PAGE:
A few months ago, and I’m paraphrasing, I mentioned the statement above in an article I wrote on this site. As a result of that statement, there were many comments written by people calling me arrogant, an idiot, and so on. I replied to all who commented something along the lines of “OK, you don’t like it. Great. Any suggestions about how you are going to get 100 million Filipinos to do things to your liking?”
Interesting that no-one had any response to that statement.
I was pondering all of the negative responses to that one sentence. Why… Simply why… would anyone travel, stay, or live where they are unhappy? Am I missing something in that logic? Is there some magical ability that Americans or Europeans have that can shape the thinking of an entire nation?
This convoluted logic puzzles me. It is most often seen from the “complainers”… Those who could not be happy anywhere on the face of the Earth. This week, Feyma received some backlash when she wrote about the now well-known “20 things I hate about the Philippines” video. Point is, that real or fake, whatever the motivation, many people got ticked off by that video.
Now, I personally found the guy to be somewhat a bit of an ass. Yes, there was some truth in the things he pointed out. Yet, he never really answered the basic question: “If you hate it, then why stay?” Are you a masochist?
There are those who will wrap themselves up in the American flag, even after they, themselves, expatriate from the USA. They speak about US soldier sacrifices, US politics, and act paternalistic towards Filipinos. They KNOW they are right. Yet, they made the conscious decision to leave the land they profess to love so dearly. They take it upon themselves that they have some duty or obligation to grace these islands with their presence.
Of course it is possible to have pride in your home nation, and still live elsewhere. There is nothing wrong with that. People expatriate for many different reasons. Some voluntarily, and others for more nefarious reasons. Yet, when you move to a different land, no matter how settled in you may become, you are, and will remain different.
In short, though little Jimmy’s video had some valid points, it was, quite frankly… RUDE.
If you are invited to someone’s home, and you comment about their ugly furniture, the hygeine of their toilet, their bratty kids. They KNOW that there is room for things to get better. Do they really need a guest in their house pointing that out to them? How do you think it makes your host feel when someone babbles on about the obvious?
You are a GUEST here. Yes, I’ve had people tell me I’m wrong when I say that. But the fact remains, you ARE a guest in this country. The Philippine government can ask you to leave at any time. Doesn’t matter if you are married. Doesnt matter how much money you have in the bank. Doesn’t matter how long you have been here. Sure, you may get a hearing or see a judge, but the bottom line is that if the government wants you out, then you are gone.
So, this last paragraph is certain to bring the “they come here and live”, “they have freedom of speech in the US / UK” comments.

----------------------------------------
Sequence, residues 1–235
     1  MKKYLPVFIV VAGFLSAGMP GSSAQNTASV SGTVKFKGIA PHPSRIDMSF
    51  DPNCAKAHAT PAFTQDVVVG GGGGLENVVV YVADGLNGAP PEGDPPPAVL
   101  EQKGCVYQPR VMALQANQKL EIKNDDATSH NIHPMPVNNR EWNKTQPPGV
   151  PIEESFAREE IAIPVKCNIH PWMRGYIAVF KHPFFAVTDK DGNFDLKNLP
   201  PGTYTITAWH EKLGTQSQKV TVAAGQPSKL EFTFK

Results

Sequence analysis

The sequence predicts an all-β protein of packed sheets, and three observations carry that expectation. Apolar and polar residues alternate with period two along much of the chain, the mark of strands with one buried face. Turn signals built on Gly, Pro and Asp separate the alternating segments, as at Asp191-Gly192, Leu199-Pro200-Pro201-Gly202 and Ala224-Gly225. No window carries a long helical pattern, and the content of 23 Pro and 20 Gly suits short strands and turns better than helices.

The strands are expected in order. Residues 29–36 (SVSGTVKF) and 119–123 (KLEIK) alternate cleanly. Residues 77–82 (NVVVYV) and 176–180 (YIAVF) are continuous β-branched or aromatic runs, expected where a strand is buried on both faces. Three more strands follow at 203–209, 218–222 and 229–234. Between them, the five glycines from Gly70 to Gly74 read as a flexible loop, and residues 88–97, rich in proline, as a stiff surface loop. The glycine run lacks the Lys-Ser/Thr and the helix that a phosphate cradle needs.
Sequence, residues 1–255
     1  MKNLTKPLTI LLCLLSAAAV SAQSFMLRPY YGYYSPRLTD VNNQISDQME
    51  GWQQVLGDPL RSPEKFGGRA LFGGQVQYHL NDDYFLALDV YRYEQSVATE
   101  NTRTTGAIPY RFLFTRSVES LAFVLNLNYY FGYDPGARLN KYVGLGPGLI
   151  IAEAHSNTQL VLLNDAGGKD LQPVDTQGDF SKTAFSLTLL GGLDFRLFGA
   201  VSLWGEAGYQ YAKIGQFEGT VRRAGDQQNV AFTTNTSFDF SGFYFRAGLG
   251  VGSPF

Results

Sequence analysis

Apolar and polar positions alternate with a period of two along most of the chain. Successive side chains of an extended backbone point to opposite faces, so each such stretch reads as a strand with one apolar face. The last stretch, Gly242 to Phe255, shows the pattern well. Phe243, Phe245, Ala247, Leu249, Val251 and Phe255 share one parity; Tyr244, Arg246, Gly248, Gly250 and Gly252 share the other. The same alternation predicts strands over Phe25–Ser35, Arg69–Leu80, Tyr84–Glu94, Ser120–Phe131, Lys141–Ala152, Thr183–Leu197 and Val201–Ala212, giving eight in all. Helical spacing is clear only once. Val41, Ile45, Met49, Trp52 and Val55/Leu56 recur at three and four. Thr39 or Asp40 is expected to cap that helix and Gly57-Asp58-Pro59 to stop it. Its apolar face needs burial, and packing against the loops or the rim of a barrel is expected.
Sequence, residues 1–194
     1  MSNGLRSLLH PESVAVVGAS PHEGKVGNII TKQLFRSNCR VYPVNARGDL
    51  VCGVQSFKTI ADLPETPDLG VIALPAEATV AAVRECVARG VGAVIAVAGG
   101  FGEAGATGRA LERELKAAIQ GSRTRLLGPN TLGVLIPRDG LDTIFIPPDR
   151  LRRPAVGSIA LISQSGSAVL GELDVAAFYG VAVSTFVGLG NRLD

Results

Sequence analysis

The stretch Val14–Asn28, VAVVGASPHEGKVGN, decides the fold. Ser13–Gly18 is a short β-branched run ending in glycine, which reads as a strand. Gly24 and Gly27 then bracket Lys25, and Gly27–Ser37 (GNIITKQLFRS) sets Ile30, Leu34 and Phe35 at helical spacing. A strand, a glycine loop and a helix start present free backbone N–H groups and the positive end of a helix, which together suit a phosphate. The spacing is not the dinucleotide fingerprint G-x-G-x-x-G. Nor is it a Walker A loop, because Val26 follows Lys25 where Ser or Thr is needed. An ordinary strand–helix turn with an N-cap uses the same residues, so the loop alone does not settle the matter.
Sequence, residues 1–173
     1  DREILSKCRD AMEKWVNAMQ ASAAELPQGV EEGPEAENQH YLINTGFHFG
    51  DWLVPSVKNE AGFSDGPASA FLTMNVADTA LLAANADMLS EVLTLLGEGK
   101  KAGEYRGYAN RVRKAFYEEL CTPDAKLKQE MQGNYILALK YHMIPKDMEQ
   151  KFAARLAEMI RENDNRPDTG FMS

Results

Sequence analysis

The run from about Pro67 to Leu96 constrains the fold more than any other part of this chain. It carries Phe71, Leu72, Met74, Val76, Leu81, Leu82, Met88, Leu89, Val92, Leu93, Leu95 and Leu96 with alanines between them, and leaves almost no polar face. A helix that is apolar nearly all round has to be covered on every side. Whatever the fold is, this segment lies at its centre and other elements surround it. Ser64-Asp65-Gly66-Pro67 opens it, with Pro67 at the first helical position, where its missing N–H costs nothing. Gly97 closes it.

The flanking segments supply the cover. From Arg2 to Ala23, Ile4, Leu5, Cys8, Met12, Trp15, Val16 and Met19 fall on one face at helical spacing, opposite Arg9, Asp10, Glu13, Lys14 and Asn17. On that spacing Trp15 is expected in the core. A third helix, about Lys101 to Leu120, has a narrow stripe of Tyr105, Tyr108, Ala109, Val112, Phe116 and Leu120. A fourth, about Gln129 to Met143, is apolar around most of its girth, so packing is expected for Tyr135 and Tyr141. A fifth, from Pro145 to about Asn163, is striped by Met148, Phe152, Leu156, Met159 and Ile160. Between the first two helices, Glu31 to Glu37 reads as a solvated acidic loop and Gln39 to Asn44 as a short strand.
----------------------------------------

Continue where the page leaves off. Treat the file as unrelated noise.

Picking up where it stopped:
Well, guess what? It is no different for Filipinos who live in the US. The Immigration and Naturalization Act, USC sec. 237, lists many pages of reasons why permanent residents can be deported. Commit a crime? Deportable. Fraud? Deportable. Thousands of people are deported from the US every month. Why? They are guests there, and they didn’t play by the rules of the host’s home.
How is this any different than the Philippines? The Philippines has strict laws against libel, slander, and sedition. Political commentary, criticism, and opinions from idiots can easily violate the law. Like it or not, you truly are a guest in someone else’s house. Would you still have an asshole or criminal sit down at your table in your home? Why should the government be any different?
It’s not just the Philippines, though. In my business, I meet many expats all over the world. For instance, I know several Americans living in Holland. They’ve been there for many years…. Yet, they never really “fit in” there. This is not to say anything bad about Holland. The point is that even in a heavily Westernized, first world, leading nation, there are substantial cultural differences. Amsterdam and Rotterdam are truly “global” cities, with many people from virtually every country on Earth living there. Yet, they still feel like they are outsiders, even after so many years. They all speak Dutch, own their own homes, and their kids grew up in the Dutch school system. So why the difference?
The answer is that unless you become a naturalized citizen, you are, and will remain, a guest, regardless of any ties you may have. Until you swear loyalty to that nation, you are simply a resident or visitor. A guest.
So then, why would you stay somewhere if you don’t like your life there, or the way that things are done? THAT is why you often read the comment, “If you don’t like it, then leave”. THAT is why I have little sympathy for the complainers.
John Miele is a Citizen of the World, having spent time in many locations around the globe. Currently, he finds himself in Manila, but travels throughout the Philippines. John joined the Live in the Philippines Web Magazine in mid-2008.